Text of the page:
Traditional flavors are chocolate, lemon and caramel. But how did this deliciously delicate delight come to be? I did a little research and learned a few things myself.
Back in the 1930’s there was a New Orleans woman named Beulah Ledner, who came from a baking family in Germany. She started baking during the Depression to supplement the income from her husband’s furniture business. Experimenting in her kitchen, she came up with a variation on the famed Hungarian-Austrian dobos torta, which was thin layers of sponge cake filled with butter cream. She changed that to thin layers of butter cake with a custard filling, either chocolate or lemon.
Gambino’s Bakery is another icon of New Orleans, more famous for the doberge cake than Beulah. Many think that it originated there, but now we know better!
No one knows the original recipe except for Gambino’s , but here is a recipe we found on the Internet that my best friend Heather has made with good success. The only difference is that an authentic doberge cake has a poured glaze icing, not a spread on one:
2 cups cake flour sifted
1 teaspoon baking soda
1 teaspoon salt
10 tablespoons butter
1-1/2 cups sugar
3 eggs separated whites beaten until stiff
1 cup buttermilk
2 squares unsweetened chocolate melted
1-1/4 teaspoons vanilla
1 teaspoon almond extract
2-1/2 cups evaporated milk
2 squares semisweet chocolate
1-1/4 cups granulated sugar
5 tablespoons flour
4 egg yolks
2 tablespoons butter
1-1/4 teaspoon vanilla
1/4 teaspoon almond extract
3 cups sugar
1 cup evaporated milk
2 ounces bittersweet or unsweetened chocolate
4 tablespoons butter
1 teaspoon vanilla
Preheat oven to 300.
Grease and flour 2 round cake pans.
In a medium bowl sift flour, soda and salt 3 times.
Cream margarine and sugar in a large mixing bowl then add egg yolks one at a time.
Gradually alternate adding the flour mixture and buttermilk then add chocolate and mix well by beating about 3 minutes.
Fold in the three beaten egg whites, vanilla and almond extract.
Bake 45 minutes.
Allow cake to completely cool then split each layer into thirds to make six thin layers.
Put milk and chocolate in a saucepan and heat until chocolate is melted.
In a bowl combine sugar and flour.
Make a paste by adding hot milk chocolate by tablespoons to the sugar and flour and then return to saucepan.
Stir over medium heat until thick.
Add 4 egg yolks all at once and stir rapidly to completely blend.
Cook 3 minutes longer.
Remove from heat then and add butter, vanilla and almond extract.
Cool and spread on cake layering as you go.
Do not spread on top layer.
Combine sugar and milk in a heavy saucepan and bring to a boil stirring constantly.
Reduce heat and simmer 6 minutes without stirring.
Remove from heat and blend in chocolate.
Add butter and vanilla and return to medium low heat cooking 2 minutes.
Place in refrigerator to cool.
Beat well and then spread on top and sides of the cake.
Now, we all know I am a fan of short cuts. Don’t get me wrong, taste is critically important to me, but if I can find a way to get excellent results with a little less work, I am all over that. So in my laziness, um, I mean, thriftiness, I have created a “doctored” version that Heather teasingly calls my Faux-berge cake.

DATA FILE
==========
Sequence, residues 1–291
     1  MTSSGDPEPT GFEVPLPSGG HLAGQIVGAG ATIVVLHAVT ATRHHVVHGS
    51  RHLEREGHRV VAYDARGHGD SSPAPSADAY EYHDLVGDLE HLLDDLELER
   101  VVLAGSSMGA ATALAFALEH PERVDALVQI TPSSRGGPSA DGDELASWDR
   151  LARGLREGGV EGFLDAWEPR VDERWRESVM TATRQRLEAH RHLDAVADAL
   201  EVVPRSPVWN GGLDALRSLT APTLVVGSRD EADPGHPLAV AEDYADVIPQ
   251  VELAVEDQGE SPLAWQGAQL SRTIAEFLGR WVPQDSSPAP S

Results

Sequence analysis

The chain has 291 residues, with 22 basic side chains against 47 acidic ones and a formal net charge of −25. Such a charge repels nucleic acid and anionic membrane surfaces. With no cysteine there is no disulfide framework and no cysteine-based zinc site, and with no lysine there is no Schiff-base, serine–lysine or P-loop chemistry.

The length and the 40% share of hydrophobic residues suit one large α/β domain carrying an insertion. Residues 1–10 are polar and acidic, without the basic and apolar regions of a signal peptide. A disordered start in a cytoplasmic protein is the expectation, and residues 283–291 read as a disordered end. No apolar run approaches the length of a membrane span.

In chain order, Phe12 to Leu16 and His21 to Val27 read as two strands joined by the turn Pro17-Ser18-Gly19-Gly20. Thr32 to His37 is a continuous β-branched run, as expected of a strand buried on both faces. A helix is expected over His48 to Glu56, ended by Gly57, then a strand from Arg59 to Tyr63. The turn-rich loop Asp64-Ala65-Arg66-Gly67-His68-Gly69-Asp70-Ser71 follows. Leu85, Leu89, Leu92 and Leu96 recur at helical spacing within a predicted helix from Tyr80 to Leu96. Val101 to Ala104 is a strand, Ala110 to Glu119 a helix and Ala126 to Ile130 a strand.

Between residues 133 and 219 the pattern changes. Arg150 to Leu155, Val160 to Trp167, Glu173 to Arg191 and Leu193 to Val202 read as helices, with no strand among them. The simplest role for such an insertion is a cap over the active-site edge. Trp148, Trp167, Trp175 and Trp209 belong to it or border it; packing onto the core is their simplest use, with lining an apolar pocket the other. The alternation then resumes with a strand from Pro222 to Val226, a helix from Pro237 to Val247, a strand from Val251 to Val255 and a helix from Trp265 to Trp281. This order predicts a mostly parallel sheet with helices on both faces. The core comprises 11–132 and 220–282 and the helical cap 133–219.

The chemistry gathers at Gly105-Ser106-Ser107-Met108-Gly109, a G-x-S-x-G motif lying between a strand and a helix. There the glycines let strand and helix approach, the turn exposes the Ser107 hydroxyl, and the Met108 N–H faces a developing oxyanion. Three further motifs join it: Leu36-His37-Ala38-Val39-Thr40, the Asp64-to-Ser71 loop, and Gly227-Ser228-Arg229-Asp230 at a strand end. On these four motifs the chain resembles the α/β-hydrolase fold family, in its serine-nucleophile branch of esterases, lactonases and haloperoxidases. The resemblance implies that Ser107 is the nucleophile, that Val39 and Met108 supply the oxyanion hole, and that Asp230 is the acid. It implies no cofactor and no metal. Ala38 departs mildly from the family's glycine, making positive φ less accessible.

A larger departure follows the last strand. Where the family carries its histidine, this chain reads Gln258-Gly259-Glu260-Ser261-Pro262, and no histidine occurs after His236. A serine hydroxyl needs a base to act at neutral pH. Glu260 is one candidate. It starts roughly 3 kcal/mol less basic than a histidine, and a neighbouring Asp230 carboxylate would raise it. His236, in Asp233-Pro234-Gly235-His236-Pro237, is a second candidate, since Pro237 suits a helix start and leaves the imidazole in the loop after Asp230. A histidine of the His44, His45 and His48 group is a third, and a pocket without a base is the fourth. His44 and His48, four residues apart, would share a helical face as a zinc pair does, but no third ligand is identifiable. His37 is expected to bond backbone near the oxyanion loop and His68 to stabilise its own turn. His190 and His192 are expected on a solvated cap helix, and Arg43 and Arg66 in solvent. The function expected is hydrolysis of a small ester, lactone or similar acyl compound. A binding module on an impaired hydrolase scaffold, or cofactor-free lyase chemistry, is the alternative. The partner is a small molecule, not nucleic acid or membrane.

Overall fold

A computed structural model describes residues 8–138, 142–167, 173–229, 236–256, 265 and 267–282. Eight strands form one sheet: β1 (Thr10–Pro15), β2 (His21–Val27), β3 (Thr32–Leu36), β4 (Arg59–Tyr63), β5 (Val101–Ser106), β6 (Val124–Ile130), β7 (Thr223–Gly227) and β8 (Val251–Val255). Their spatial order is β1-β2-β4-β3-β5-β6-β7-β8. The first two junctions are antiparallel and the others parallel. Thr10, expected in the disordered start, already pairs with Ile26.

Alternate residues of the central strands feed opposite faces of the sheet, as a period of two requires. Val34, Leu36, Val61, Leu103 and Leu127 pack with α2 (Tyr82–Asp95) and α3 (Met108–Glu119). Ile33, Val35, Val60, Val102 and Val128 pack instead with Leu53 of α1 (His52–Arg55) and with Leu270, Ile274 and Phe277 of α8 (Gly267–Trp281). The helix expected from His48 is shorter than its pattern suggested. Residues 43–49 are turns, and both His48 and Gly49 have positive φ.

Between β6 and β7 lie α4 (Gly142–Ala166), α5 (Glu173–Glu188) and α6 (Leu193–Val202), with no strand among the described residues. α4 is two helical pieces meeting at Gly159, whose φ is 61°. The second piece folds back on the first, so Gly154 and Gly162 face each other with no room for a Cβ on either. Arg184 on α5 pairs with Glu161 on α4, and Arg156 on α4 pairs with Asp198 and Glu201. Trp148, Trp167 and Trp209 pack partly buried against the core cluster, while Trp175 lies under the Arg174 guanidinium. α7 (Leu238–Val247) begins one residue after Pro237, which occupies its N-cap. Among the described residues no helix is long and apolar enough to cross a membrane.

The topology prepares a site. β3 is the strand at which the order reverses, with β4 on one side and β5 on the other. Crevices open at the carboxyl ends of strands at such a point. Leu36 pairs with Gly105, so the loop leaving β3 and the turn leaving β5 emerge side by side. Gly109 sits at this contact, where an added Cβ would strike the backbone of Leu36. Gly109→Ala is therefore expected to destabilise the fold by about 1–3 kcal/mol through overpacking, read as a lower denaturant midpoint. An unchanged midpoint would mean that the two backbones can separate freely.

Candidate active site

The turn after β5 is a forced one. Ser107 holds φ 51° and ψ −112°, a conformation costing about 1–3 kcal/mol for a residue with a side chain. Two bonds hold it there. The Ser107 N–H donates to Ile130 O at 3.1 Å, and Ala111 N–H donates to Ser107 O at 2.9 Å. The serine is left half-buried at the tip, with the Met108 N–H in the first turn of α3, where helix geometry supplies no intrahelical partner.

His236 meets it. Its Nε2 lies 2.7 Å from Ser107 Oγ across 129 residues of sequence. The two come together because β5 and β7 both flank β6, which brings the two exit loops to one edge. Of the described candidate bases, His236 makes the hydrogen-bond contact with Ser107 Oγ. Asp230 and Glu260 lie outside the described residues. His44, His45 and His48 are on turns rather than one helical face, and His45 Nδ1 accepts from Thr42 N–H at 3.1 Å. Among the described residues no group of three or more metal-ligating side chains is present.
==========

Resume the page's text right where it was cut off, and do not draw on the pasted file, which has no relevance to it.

Now this next step is NOT necessary and I usually do not do it. However, this puppy was a huge 15 inch cake and rather unstable. So I gave it a coating of thick ganache (made with a 2:1 ratio of chocolate to cream.) You let the ganache thicken to a paste consistency and ice the cake with your spatula and bench scraper just like you do for buttercream. It sets up nice and firm to give you a stable chocolate “shell” encasing the layers. That top ledge of chocolate you can see in the picture was removed with my palette knife after the cake was fully chilled, but before I poured the thinner ganache layer on top.
Wanna see something scary?…………………….
Here is my ganache pouring set up. (Pretend you don’t see that pile of laundry on the chair, kay?) From bottom to top: cookie sheet lined with foil, fondant bucket wrapped in plastic wrap for food safety, piece of non skid stuff, cooling rack, piece of non-skid, and chilled cake on its fomecore board. When the iced cake is fully chilled, then you pour the final ganache coating on. That’s a LOT of ganache for this huge a$$ cake! My friend Jacque has a great tutorial on how to pour ganache on her fabulous blog Daisy Lane Cakes. Thanks Jacque, you rock!
OK, wanna see something even more scary?………………….
I let that ganache firm up overnight. Next day I took it out the fridge (fairly easy now that it is firm) and placed it on the display board, piped a border and placed the edible photo on top. This was for my sister in law’s dad’s 85th birthday bash. Everyone went nuts over this cake, in both looks and taste. I was even told it was better than Gambino’s! Shhh, don’t tell I cheated.
So there you have it, class. Your lesson on the New Orleans Doberge cake. Your assignment is to go make one of these beauties and tell me how you like it! Enjoy!